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Sharks pack has real bite


“We need to keep building on that as we know there is another big challenge waiting for us in the form of the Stormers.”

WITH the Stormers and their formidable pack next in line for the sizzling Sharks, a dramatic improvement in the Durban-based team’s set-piece play and contestable kicking in their last two games is timeous indeed.

The Sharks have notably upped their game in these departments over the last fortnight in their fine wins over the Reds and Jaguares, and the KwaZulu-Natal team is increasingly looking like the full Super Rugby package.

The Sharks’ set piece was poor in rounds one to four, but not any more.

“The progression of our set-piece play has been really pleasing,” said coach Sean Everitt. “We were getting criticised for not being up to it from a set-piece viewpoint. We know as coaches that the set-piece is always a big part of performance, and if you don’t have that you can’t expect to keep winning. So we’ve been putting in a lot of hard work and it has been pleasing to see the guys getting it together. As you would have seen in this game (against the Jaguares), there has been a massive improvement.

“We scored a maul try and we did very well in stopping their maul. We had to do it many, many times, as from 50 percent of their line-outs they drove and they mauled. That takes a lot out of you from a fatigue perspective.

“We need to keep building on that as we know there is another big challenge waiting for us in the form of the Stormers.”

The Stormers pack remains a powerful unit, the injury-enforced loss of will Pieter-Steph du Toit, Bongi Mbonambi and Siya Kolisi notwithstanding, but the Sharks will not fear them and will be confident they can supply their deadly backline with sufficient possession to win the game.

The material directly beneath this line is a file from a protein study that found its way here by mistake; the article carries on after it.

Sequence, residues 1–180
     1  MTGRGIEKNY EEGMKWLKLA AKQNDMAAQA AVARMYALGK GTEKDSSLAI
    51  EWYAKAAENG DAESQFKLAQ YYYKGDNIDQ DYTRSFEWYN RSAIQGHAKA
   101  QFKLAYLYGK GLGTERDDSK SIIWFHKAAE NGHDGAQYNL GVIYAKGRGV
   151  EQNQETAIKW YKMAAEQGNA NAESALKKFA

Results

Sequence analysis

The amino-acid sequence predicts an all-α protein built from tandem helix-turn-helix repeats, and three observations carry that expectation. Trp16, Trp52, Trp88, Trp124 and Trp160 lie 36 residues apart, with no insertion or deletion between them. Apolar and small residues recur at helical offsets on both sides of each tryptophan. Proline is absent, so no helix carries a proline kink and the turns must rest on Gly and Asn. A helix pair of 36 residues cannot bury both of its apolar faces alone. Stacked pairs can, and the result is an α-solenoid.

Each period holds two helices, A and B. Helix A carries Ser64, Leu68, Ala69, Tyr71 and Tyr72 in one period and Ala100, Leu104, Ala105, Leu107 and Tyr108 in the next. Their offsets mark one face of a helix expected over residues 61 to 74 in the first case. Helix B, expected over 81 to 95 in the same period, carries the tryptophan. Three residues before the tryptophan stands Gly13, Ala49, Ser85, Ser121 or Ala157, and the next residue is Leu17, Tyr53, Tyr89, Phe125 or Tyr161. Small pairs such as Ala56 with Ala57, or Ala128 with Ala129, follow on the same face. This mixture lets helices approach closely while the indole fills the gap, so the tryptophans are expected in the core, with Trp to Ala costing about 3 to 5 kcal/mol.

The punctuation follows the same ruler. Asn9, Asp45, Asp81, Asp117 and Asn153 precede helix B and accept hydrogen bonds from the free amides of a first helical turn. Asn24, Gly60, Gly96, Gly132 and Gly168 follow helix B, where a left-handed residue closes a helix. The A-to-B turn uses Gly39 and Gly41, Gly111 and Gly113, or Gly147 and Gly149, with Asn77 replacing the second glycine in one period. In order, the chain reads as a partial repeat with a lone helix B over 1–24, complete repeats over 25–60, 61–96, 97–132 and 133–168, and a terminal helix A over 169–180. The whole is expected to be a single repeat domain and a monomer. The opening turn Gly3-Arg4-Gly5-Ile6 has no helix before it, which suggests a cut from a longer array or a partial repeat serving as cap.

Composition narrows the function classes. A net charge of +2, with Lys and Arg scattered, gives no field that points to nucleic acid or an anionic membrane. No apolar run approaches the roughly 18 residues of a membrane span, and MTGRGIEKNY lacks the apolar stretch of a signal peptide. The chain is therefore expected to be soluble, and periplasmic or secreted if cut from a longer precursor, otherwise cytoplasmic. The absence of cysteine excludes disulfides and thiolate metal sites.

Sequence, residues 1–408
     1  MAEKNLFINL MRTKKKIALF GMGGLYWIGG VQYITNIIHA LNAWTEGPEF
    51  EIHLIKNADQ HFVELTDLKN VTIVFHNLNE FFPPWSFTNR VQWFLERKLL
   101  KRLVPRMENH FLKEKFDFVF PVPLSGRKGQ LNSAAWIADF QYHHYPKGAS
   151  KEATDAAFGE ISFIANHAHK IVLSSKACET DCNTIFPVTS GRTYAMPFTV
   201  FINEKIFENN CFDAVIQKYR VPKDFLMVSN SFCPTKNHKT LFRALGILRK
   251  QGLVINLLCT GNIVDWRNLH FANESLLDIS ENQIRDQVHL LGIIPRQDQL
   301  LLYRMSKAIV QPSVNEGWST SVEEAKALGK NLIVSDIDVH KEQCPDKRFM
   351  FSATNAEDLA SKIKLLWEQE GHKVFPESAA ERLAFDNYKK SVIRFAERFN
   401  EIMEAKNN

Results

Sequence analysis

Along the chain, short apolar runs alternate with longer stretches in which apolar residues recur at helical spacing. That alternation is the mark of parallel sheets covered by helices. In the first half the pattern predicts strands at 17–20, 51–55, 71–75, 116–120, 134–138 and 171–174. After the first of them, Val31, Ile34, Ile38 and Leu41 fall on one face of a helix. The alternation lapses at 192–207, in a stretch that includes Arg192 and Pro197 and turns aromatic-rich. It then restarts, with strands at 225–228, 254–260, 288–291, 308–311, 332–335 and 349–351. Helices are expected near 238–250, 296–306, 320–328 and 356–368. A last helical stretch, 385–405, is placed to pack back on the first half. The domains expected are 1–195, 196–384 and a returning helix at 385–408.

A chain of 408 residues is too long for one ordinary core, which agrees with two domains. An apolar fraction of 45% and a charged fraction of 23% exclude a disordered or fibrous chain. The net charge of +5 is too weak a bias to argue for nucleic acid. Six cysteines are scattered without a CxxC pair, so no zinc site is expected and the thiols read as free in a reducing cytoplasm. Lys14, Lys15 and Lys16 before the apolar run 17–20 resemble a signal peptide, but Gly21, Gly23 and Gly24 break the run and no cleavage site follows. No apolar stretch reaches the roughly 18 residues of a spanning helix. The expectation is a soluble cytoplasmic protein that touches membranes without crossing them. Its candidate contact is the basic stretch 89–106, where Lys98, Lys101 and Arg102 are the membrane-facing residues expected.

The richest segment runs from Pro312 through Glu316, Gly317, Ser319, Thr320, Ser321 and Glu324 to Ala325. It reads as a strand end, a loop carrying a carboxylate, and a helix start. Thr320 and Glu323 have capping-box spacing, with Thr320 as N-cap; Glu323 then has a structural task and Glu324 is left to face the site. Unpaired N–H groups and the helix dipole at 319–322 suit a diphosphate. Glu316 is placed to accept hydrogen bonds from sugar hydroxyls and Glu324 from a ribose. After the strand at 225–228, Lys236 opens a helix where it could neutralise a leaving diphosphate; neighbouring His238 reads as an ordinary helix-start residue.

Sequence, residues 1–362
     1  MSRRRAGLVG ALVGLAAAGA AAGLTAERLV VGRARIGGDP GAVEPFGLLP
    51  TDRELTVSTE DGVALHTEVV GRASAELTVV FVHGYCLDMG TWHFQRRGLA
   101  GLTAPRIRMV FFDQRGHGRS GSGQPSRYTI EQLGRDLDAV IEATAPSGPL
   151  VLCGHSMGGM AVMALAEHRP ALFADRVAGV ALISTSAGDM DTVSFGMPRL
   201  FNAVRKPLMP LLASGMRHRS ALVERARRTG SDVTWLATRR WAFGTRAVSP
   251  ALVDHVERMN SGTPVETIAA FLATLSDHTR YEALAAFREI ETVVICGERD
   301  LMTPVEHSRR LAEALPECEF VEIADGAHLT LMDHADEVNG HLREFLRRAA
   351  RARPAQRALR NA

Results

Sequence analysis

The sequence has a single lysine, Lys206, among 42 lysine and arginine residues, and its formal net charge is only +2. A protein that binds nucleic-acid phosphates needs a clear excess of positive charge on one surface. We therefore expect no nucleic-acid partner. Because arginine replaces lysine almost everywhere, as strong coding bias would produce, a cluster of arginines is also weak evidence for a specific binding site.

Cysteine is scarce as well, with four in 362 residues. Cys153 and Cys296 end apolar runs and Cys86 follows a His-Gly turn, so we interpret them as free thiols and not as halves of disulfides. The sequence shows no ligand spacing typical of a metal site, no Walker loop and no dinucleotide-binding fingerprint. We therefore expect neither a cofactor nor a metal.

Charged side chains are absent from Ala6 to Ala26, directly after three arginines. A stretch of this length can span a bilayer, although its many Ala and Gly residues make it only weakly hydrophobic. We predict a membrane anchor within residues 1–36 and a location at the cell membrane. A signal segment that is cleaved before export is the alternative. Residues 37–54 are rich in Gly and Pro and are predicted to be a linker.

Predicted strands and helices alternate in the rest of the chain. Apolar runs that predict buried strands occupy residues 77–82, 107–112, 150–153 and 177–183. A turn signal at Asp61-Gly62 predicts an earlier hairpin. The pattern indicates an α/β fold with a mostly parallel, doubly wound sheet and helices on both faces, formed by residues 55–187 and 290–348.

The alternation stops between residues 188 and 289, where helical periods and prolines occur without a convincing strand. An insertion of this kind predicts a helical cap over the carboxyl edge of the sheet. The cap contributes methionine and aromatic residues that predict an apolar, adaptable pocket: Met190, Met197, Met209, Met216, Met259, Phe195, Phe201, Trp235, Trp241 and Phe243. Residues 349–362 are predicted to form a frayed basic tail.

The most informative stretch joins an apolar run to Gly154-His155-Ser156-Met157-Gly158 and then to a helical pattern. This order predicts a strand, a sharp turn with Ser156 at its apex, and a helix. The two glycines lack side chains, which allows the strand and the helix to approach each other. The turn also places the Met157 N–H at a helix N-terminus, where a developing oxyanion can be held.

As improved as the set pieces were, the most outstanding feature of the Sharks’ 33-19 win against the Jaguares on Saturday was the accuracy of their kicking game, with halfbacks Louis Schreuder and Curwin Bosch pin-point in their aerial hoists and chasing wings Sbu Nkosi, Madosh Tambwe (when deputising while Nkosi had a head impact assessment) and Makazole Mapimpi were exceptional in their chasing and contesting in the air.

“Credit must go to Curwin and Louis for those box kicks, but don’t forget how we handled them out of the air. We turned them over with great aerial skills from the chasers,” Everitt said. “That was part of our plan, but we needed to execute and execute accurately and we did that, so credit must go to those players.”

At 33-12 at one stage, it looked like the Sharks would run away with proceedings, but exhaustion noticeably kicked in.

“There was definitely no lack of effort it was fatigue that caught us up in those last 20 minutes,” Everitt said.

“I have had experience (when an assistant coach to Jake White) of playing the Hurricanes once before in a similar situation (when we’d just come back from tour). We won that game too but the guys had to dig deep at the end, and we had to do that here too. Until you experience that trip back from Australia you have no idea of how much it takes out of you.

“It is not a direct flight back from Australia. You have to fly from Brisbane to Sydney first, and you have to wake up at 3am on the day of departure. I am incredibly proud of the guys.

“I said to them in the change-room after the game that this time last week we were in Brisbane; and we were in Jo’burg on Monday night because we missed our connecting flight.

“To put in a performance like that, with that sort of energy and enthusiasm, was just incredible.”

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